Facebook: More Tales of Chicken Soup for the Social Soul

More evidence of chicken soup for the social , and I’d have to add spiritual, soul.  This message was posted today by by Nitin Naresh of the Global Concern Foundation.  On April 13, it was his birthday.  He lives in New Delhi, India. He wrote:

I really feel out of this world today, I never knew that I am so lucky to have such wonderful well wishers and friends who love me so much.

I got more than 987 messages for my birthday wishes today from all my group members & Friends.

I Today feel one of the richest person of this world, even richer than Bill Gates to have such lovely and dear friends and well wishers around me.

with warm regards

Nitin Naresh

I met Nitin, if the word “met” even applies, on Facebook.    I quote him a lot, repost his ideas.   He’s smart, and he’s obviously a good guy–a philanthropist and activist in his early twenties.   Many of his generation–the Millennials–are like that.    Historians who study “turnings”–generational swaths of time–look for patterns that repeat themselves with each new cohort.  Many compare Millennials with the civic-minded G.I. Generation, today’s great-grandparents.   But the G. I. generation didn’t have the Internet, and its members didn’t perceive themselves to be citizens of the world.  Nitin lives in New Delhi, but he can “converse” with anyone anywhere.  I’m not surprised that he was flooded with good wishes.  He gives. What goes around comes around.

The Millennials are inheriting a tough world.  People like Nitin are rising to meet the challenge.   They don’t need a book about consequential strangers.  They talk to anyone and everyone and realize that every conversation counts.   They believe in sharing.  It gives me hope.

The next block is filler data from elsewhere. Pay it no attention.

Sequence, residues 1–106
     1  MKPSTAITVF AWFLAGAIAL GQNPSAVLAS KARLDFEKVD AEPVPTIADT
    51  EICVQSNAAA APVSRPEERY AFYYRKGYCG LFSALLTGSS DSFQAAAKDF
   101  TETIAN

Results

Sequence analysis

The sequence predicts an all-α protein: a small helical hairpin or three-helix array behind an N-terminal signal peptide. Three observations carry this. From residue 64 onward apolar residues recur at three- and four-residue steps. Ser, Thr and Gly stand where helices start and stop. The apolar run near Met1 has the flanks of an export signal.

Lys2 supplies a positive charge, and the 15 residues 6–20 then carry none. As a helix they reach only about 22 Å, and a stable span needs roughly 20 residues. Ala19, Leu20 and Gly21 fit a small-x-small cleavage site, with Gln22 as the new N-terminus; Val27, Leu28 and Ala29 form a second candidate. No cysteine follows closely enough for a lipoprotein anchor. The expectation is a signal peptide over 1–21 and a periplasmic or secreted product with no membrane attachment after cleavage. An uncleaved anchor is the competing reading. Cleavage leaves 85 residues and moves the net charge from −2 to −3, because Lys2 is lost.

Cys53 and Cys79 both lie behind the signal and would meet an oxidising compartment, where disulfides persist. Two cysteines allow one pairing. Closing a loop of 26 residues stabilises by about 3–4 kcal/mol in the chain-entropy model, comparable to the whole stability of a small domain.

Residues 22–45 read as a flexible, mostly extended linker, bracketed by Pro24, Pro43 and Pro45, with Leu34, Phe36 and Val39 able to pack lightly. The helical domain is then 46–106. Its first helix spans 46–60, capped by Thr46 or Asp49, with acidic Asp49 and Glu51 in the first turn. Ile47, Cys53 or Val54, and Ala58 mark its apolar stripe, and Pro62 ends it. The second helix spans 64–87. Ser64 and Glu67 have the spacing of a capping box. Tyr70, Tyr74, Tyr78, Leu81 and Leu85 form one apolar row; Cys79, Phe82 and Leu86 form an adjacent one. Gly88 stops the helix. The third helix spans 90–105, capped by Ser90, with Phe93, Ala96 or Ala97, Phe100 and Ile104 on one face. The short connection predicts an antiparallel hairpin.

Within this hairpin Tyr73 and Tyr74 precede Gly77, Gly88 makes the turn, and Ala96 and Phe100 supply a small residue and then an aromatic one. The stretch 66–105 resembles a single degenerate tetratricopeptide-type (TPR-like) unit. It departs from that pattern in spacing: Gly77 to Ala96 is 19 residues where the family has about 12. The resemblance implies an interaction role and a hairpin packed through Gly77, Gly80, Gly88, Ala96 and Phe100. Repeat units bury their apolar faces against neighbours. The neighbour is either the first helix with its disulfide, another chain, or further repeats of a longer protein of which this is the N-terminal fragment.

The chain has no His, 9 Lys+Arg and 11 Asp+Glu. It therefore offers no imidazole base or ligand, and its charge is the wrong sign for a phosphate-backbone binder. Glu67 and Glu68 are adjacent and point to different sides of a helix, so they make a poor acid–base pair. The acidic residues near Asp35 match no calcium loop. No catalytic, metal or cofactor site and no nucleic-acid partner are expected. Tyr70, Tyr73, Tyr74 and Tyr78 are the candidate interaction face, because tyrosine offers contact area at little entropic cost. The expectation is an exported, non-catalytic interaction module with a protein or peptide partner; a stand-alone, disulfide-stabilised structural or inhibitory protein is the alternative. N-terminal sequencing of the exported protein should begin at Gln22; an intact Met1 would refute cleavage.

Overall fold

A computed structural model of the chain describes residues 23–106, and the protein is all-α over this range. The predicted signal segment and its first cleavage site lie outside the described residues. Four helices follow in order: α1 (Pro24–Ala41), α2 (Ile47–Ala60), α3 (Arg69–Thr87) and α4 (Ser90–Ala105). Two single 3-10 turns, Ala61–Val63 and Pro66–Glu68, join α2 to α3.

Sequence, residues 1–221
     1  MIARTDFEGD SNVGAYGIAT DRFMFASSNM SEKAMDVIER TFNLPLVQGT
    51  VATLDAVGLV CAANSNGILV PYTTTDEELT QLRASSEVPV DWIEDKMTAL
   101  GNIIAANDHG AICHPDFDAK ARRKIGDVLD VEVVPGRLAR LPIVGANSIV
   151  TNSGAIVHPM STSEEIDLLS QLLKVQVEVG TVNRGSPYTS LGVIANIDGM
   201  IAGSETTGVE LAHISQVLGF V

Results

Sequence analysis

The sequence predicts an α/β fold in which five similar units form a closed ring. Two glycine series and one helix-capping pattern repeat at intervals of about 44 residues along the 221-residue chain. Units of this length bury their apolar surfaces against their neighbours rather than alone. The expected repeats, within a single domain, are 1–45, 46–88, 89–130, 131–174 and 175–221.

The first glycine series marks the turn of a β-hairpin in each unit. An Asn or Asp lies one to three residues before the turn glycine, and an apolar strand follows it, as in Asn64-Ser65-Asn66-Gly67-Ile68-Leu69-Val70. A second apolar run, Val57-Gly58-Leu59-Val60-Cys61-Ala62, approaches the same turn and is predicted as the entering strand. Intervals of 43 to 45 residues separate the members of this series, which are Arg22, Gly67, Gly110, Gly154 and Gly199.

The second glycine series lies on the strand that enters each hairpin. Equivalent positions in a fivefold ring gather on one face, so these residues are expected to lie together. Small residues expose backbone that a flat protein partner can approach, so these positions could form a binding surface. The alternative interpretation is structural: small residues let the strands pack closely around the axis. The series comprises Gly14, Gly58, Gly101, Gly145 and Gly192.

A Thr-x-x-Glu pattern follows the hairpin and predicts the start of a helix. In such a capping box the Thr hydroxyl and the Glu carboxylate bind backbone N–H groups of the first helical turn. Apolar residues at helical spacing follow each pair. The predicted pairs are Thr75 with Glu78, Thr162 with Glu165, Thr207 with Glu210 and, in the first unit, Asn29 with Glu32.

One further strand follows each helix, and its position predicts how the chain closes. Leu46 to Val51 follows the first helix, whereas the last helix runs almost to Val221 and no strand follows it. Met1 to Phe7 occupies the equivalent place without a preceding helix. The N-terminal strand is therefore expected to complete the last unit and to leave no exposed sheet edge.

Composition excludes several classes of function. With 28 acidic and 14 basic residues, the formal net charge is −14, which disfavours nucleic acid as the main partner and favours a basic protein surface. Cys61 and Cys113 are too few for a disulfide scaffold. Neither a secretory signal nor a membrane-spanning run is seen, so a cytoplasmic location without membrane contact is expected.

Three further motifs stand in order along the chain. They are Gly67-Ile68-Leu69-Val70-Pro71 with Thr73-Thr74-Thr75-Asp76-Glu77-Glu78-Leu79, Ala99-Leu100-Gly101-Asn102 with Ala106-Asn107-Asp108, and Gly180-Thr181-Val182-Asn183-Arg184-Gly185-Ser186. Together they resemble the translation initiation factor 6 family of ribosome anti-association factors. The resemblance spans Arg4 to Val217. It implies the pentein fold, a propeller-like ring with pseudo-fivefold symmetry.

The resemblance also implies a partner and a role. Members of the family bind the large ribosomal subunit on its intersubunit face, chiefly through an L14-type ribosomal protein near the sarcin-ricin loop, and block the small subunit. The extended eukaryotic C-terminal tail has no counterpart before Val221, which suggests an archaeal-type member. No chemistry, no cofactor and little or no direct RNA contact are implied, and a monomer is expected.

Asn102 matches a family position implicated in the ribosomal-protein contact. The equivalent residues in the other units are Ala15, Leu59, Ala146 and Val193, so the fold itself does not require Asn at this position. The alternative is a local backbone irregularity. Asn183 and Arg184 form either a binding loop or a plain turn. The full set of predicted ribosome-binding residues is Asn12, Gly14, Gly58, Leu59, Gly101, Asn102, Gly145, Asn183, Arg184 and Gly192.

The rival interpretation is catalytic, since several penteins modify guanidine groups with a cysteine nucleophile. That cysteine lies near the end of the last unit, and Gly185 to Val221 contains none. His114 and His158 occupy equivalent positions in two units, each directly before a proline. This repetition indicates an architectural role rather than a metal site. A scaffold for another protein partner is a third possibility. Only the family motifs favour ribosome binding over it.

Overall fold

Thank You, Under 30’s

Inc. magazine online is asking readers to chose their favorite from their “30 under 30” honorees whom the editors describe as “America’s coolest young entrepreneurs.”   A teaser to the article, “For Young Entrepreneurs, Safety in Numbers,” which describes the willingness of this new generation of business leaders to look beyond the walls of a traditional company, says it all:

Despite the economic gloom and doom, the honorees on this year’s 30 Under 30 list are building wildly successful ventures with the help of their peers, parents, professors, and patrons.   Why enlisting these loyal tribes of support has become so important in the start-up world — and how the smartest companies foster that same loyalty among their customers.”

The honorees are the vanguard of the Millennial Generation (those born between 1982 and 2005), and as you can read in this excerpt from Chapter 7, they were born to connect.  They intuitively know the importance of consequential strangers, and they can teach the rest of us a thing or two about collaboration and connecting across traditional boundaries.  My vote went to Pete Cashmore, the 23-year-old founder of the website Mashable.com–which provides one-stop shopping for advice about using social media, as an individual, a business, or to promote a cause.   Last year when this old dog set out to learn some new tricks, fortunately someone recommended the site, which has been an invaluable resource, praised by experts as well as newbies like me.   I didn’t know most of the honorees, but reading about them gave me hope!